pnmscalefixed - scale a PNM file quickly
This program is part of Netpbm(1).
pnmscalefixed is like pamscale except that it uses fixed point arithmetic internally instead of floating point, which may make it run faster. In turn, it is less accurate and may distort the image. It also lacks many of the features of pamscale.
Use the pamscale user manual with pnmscalefixed. This document only describes the difference. Avoid any feature mentioned in the pamscale manual as not existing before Netpbm 9.9.
pnmscalefixed uses fixed point 12 bit arithmetic. By contrast, pamscale uses floating point arithmetic which on most machines is probably 24 bit precision. This makes pnmscalefixed run faster (30% faster in one experiment), but the imprecision can cause distortions at the right and bottom edges.
The distortion takes the following form: One pixel from the edge of the input is rendered larger in the output than the scaling factor requires. Consequently, the rest of the image is smaller than the scaling factor requires, because the overall dimensions of the image are always as requested. This distortion will usually be very hard to see.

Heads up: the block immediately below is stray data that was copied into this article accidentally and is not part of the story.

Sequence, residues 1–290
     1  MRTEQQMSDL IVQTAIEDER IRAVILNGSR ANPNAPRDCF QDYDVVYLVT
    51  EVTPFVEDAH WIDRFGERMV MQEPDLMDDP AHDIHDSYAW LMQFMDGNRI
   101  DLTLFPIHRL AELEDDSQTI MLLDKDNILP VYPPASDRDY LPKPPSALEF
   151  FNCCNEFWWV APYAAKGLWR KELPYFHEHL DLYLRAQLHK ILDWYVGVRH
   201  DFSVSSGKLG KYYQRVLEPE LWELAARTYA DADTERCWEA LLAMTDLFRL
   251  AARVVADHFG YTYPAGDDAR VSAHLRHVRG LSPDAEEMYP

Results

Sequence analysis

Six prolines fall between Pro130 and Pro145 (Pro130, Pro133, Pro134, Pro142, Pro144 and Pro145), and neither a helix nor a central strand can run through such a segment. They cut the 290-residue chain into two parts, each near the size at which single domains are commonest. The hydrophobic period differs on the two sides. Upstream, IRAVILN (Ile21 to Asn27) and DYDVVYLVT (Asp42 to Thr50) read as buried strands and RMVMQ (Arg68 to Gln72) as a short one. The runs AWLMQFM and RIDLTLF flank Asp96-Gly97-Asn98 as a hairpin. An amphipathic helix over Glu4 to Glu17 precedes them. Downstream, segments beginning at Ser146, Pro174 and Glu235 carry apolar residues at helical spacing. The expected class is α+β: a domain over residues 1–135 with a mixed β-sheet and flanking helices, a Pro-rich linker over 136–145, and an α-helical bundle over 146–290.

pnmscalefixed with the -verbose option tells you how much distortion there is.
The amount of distortion depends on the size of the input image and how close the scaling factor is to an integral 1/4096th.
If the scaling factor is an exact multiple of 1/4096, there is no distortion. So, for example doubling or halving an image causes no distortion. But reducing it or enlarging it by a third would cause some distortion. To consider an extreme case, scaling a 100,000 row image down to 50,022 rows would create an output image with all of the input squeezed into the top 50,000 rows, and the last row of the input copied into the bottom 22 rows of output.
pnmscalefixed could probably be modified to use 16 bit or better arithmetic without losing anything. The modification would consist of a single constant in the source code. Until there is a demonstrated need for that, though, the Netpbm maintainer wants to keep the safety cushion afforded by the original 12 bit precision.